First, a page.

Good mobile app design is hard to notice because it fit our needs so well and serving us without drawing attention to itself.
Details in detail—we spend years designing commercial mobile apps. Today we’d like to share some common basic we’ve learned so far.
Last updated — Oct 06, 2018
Instead of a pure white background colour #ffffff, try slightly shading of grey to make the white card UI more visibility and smoother its drop shadow. Something like #fafafa or #f8f8f8 is very close to white #ffffff but still shading nicely.
Try to define/limit one accent colour (complementary colour of the primary brand colour) for clickable jobs, such as CTA, button, hyperlink, etc. So it easy for people to recognise and expect which elements that they can interact with. Don’t mix that colour with non-clickable things such as headline, body-text or an icon (if you do not plan to make it clickable).
Unified a decent touchable area around the utility icon will merely improve the ability to touch that icon. Make sure you communicate with the engineer teams that there is an invisible space around the icon not just true pixels of width and high on the icon itself.
In mobile app design, a consistent visual clue will help people recognise the elements that belong together and digest the information faster.
As a mobile app designer, we intend to help people focus on one thing (that matter) at a time. Differentiate primary from secondary actions is a great technique that helps people stay on the right track. Bonus — make a primary action right-hand side.
Ghost button is the outline style button. We usually use it for secondary action. On the other hand, the solid button is a colour filled-out button and the majority we use it for decisive action. For more than 3 multi-choice options, we shouldn’t stack solid buttons on top of each other because it makes all option become an important option. As you can imagine, once everything important nothing is important. Moreover, it also makes a screen feel off balance.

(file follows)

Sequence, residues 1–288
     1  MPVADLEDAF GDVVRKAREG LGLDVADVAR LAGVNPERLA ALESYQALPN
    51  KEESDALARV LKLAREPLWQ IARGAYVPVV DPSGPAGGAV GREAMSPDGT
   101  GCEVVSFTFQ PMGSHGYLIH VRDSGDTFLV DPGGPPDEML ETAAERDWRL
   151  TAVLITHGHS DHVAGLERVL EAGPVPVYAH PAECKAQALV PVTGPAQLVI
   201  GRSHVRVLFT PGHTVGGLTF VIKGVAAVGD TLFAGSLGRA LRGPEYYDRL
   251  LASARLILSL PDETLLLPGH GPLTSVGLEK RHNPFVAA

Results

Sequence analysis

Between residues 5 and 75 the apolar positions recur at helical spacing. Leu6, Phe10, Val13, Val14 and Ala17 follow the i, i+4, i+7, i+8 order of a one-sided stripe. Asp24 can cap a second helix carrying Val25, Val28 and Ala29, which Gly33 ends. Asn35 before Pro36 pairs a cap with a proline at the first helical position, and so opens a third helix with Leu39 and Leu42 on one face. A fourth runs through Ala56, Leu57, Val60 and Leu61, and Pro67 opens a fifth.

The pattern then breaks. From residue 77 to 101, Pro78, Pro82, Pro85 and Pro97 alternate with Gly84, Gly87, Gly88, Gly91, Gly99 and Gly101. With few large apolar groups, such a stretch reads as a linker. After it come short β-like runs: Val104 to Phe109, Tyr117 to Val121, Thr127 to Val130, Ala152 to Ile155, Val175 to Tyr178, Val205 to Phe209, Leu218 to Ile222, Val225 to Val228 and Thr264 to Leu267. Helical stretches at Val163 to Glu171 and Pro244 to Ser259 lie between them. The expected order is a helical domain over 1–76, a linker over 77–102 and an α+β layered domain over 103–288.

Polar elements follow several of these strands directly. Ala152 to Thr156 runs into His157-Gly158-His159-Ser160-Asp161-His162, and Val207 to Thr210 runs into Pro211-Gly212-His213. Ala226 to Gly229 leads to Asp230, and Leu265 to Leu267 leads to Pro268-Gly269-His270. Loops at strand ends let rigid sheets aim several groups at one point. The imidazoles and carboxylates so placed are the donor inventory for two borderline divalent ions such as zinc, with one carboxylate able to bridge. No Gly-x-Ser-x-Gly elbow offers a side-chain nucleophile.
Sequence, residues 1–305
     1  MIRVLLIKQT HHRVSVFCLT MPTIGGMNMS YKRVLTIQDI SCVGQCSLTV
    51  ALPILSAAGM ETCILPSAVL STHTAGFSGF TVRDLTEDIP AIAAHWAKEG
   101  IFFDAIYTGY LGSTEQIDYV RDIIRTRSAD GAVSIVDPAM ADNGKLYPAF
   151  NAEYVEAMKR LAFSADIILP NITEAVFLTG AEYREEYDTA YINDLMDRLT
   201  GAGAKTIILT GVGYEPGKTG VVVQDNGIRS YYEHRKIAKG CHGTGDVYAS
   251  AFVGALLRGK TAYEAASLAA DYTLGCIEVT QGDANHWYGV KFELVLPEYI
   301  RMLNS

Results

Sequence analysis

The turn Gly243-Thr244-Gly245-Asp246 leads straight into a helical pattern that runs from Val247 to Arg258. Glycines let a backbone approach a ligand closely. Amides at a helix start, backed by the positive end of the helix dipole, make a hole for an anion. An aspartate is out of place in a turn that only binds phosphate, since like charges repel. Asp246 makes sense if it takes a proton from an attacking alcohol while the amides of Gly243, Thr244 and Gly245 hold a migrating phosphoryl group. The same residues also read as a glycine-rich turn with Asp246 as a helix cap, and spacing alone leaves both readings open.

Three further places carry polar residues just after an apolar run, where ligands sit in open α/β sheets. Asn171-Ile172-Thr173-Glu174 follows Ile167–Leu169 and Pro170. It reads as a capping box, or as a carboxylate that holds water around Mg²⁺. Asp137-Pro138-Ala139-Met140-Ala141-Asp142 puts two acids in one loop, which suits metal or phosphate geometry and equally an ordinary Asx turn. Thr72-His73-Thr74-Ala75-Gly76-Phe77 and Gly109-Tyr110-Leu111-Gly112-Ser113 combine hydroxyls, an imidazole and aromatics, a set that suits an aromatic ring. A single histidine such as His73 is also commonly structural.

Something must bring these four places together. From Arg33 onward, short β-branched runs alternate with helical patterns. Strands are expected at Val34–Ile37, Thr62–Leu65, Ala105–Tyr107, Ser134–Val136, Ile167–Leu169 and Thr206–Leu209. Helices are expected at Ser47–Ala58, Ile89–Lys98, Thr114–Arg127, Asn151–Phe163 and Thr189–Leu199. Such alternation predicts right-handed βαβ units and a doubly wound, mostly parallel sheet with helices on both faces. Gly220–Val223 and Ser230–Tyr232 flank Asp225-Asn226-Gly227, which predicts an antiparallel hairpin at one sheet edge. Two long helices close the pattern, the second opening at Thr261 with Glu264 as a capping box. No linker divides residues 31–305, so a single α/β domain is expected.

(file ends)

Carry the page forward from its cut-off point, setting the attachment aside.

A selector drop-down requires two clicks and hides the options. Moreover, a selector drop-down UI also separates a controller with its result. Try to use a pattern that shows all options if it less than 6 options in the mobile app design.
A call to action (CTA) should state the intent. Try to fill the blank space of “I want to ...” when you writing for a CTA. For example, at a “Sign up page" — as a user I want to "Sign up”.
Try to avoid putting a long company slogan or massive visual design that people need some time to process on a splash screen (a first split second page that people see first when they open the app). The splash is like a highway billboard, we need to communicate at a feeling level not Thinking level. If you are not so creative, just make it relevant to the app icon is good enough.
When you design a new app, it’s a good practice to start your mobile app design foundation around the navbar, not the hamburger menu. It will help you to focus on a core value of the app.
Bonus; a typical mobile nav bar layout.
Position 01—Core Value i.e. Explore, Feed, Article, etc.
Position 02—Discovery i.e. Search, Bookmark, Saved, etc.
Position 03—Core Action i.e. Take a photo, Create a new article, etc.
Position 04—Inform i.e. Notifications, Messenger, Inbox, etc.
Position 05—Others i.e. Setting, Secondary Menu, Account, etc.
You don’t have to follow this basic layout, be creative.
If the user needs to do something before they can process to the next step. Make it clear that something is missing. For example, if the users have to accept the terms before they can continue to the next screen, you may make a CTA disable and dynamically communicate with them with the context (Message in the CTA).
Focus on one thing until success at a time to helps people minimise a cognitive load. Keep in mind, in the most scenario the keyboard interface will take a lot of the valuable real estate of the screen in order to assist you to fill out the form, so use it wisely.